I’m back at the hotel now following my boat trip round Kekova island: interesting, but more for the conversations than the ruins. Somehow, outside of Time Team, remains of ancient buildings soon start to blur into one another: this is a Lycian wall because their stone architecture was influenced by the techniques they used to carve wood; whereas this one is Roman because the wall is built from stone blocks and this one is Byzantine because it’s built from bricks. By the time we arrived at the Ottoman Era i was lost and, if i’m honest, bored.

We were meant to be able to swim as well but the relatively cool weather and rain put everyone off except one Turkish couple. Mind you, apart from me, a Turkish family (the afore-mentioned couple plus their young son & a set of grandparents) and a French-Canadian couple the other people on the trip were all elderly Germans, members of a watercolour club. Once we got out of the harbour they got out their painting kits and began working in earnest. No conversation was possible.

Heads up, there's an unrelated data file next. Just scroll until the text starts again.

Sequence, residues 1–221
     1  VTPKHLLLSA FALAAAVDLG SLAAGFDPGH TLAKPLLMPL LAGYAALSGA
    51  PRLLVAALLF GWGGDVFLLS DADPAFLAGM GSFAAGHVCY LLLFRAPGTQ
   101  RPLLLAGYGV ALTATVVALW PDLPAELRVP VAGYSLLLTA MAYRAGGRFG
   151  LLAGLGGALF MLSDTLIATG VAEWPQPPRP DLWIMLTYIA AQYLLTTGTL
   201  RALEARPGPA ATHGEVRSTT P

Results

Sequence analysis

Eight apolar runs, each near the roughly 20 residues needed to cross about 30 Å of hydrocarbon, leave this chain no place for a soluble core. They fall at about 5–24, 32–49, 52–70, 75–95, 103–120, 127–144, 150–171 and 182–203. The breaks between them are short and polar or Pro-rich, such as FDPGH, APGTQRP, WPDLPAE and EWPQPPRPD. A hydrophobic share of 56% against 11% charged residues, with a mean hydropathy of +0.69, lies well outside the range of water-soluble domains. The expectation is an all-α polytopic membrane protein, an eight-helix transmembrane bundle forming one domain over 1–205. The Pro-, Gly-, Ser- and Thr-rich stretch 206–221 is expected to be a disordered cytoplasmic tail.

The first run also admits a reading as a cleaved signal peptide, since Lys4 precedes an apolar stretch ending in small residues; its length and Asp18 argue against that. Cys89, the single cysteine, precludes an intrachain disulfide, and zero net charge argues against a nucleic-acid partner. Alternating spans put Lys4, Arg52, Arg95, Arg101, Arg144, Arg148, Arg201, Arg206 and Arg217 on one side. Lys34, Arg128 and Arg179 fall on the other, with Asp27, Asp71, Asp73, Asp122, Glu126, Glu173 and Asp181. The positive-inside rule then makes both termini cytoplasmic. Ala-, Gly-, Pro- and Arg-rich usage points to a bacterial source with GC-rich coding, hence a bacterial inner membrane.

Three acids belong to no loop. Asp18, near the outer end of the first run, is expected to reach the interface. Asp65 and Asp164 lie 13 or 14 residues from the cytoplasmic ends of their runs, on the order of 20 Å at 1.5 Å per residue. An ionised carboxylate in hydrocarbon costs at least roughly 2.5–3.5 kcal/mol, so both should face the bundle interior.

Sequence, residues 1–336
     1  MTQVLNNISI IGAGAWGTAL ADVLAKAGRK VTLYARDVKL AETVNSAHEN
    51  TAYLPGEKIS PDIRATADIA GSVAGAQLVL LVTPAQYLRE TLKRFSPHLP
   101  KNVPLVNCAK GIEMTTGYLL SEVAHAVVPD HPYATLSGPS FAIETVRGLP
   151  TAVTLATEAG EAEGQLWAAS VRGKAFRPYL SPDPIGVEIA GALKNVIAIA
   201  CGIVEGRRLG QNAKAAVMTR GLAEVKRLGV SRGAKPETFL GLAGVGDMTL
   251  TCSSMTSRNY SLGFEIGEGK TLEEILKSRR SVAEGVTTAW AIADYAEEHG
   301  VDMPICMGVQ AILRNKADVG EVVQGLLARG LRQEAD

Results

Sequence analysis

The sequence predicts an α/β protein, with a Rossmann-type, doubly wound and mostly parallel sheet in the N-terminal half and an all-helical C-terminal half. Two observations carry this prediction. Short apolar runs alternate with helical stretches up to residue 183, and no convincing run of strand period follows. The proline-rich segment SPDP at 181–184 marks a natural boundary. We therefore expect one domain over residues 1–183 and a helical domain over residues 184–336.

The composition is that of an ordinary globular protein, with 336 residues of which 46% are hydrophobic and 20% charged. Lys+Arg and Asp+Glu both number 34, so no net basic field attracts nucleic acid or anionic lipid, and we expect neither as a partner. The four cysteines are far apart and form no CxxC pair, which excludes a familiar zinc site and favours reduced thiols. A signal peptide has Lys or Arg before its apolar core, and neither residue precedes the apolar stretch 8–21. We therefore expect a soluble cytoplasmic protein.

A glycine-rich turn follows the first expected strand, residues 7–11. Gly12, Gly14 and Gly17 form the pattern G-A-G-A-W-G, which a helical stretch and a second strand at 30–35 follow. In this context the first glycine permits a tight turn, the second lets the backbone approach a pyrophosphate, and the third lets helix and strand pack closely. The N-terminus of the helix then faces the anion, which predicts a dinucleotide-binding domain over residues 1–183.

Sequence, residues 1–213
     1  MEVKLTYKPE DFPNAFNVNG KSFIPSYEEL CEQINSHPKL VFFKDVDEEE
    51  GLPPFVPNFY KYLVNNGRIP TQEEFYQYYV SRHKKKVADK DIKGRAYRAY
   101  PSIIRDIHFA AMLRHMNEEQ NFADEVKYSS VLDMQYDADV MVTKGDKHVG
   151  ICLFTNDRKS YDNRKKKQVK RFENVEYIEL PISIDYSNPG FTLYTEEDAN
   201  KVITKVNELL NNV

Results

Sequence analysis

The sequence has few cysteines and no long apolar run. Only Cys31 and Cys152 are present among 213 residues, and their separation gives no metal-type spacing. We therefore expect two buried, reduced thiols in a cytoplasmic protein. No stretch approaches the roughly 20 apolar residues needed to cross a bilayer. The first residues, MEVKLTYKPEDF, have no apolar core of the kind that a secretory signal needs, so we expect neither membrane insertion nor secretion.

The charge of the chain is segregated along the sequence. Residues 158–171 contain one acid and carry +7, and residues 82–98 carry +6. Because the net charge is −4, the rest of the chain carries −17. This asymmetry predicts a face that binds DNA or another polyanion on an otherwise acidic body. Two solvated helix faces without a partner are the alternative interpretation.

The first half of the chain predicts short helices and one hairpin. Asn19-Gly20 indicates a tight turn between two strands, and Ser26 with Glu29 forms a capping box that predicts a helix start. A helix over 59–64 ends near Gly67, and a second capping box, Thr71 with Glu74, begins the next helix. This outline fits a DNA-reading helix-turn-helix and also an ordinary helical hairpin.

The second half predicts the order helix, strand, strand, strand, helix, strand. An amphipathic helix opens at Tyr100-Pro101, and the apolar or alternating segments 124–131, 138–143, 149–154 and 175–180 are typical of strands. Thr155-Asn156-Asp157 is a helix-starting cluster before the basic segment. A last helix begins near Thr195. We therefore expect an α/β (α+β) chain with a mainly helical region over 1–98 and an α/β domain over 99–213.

Conversation was possible however with the French-Canadian couple, Alain and Marie. They were lovely people, retired teachers who now enjoy travelling the world. We talked about how they feel about being Canadian: Marie said that in Canada she identifies herself as Quebecois, not French-Canadian but is nevertheless not a Quebec Nationalist. When she travels abroad she does identify as French-Canadian, largely because she doesn’t think many people would know what Quebecois means, but also because she is proud of the positive reputation that Canada has: liberal, tolerant, inclusive.